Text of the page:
UnitedHealth Group, the U.S.’s biggest healthcare insurer, is on the fence about whether or not it wants to continue to participate in key part of Obamacare. The retreat comes a mere month after UnitedHealth said it would expand its presence in the program’s online marketplace.
Instead, the insurer is scaling back its marketing efforts to seduce current enrollees into its Affordable Care Act plans and is considering dropping out of the marketplace altogether in 2017.
The reason appears to be pretty straightforward: cost. UnitedHealth
cut its earnings expectations for the year on Thursday, blaming the drop on the poor performance of the ACA-compliant plans, and provided an initial outlook for 2016. The company said fourth quarter earnings were likely to be $425 million lower than expected.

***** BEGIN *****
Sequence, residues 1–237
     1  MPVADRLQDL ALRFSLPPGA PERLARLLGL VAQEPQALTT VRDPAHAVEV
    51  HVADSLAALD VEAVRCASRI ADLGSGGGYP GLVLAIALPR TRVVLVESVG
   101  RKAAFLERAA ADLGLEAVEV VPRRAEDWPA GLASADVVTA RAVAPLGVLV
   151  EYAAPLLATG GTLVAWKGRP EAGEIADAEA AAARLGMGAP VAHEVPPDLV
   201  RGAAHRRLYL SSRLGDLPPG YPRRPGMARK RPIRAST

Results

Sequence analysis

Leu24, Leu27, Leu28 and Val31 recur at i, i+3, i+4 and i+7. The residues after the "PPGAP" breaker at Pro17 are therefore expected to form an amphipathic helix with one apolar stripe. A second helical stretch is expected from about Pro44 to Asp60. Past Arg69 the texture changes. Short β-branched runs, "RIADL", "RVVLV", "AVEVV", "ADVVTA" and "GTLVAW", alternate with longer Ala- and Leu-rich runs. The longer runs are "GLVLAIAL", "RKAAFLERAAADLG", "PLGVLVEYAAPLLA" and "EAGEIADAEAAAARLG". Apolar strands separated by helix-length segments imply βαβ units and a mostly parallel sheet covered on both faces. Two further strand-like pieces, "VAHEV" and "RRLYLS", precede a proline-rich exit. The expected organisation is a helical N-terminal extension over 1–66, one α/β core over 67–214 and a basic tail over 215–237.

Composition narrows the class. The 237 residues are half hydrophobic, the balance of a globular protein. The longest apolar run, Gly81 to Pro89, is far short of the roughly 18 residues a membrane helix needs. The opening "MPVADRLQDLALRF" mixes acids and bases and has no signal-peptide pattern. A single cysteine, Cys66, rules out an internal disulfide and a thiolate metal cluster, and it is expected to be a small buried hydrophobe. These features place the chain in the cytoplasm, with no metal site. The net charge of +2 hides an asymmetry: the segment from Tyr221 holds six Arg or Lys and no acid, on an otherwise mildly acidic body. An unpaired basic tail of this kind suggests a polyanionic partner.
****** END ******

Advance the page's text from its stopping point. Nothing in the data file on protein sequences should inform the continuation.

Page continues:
“In recent weeks, growth expectations for individual exchange participation have tempered industrywide, co-operatives have failed, and market data has signaled higher risks and more difficulties while our own claims experience has deteriorated, so we are taking this proactive step,” wrote Stephen Hemsley, CEO of UnitedHealth, in a statement.
If the insurer does forego ACA plans, it would be a significant hit to Obamacare, one of President Obama’s signature achievements in office. And it raises concerns about the economics of the health insurance offering. If the U.S.’s biggest insurer can’t make these plans work, then other insurers are likely struggling, as well. It also raises the prospect of an exodus by insurers out of the Obamacare program.
Still, UnitedHealth, despite its size overall, has a relatively small exposure to ACA. The company covers less than 550,000 people under Obamacare, or just 6% of the nearly 9.9 million who are insured by marketplace plans. Its stock fell 3.5% as of 10:50 a.m. ET following the news. Other large insurers, including Anthem
, and Cigna
, also declined in early trading.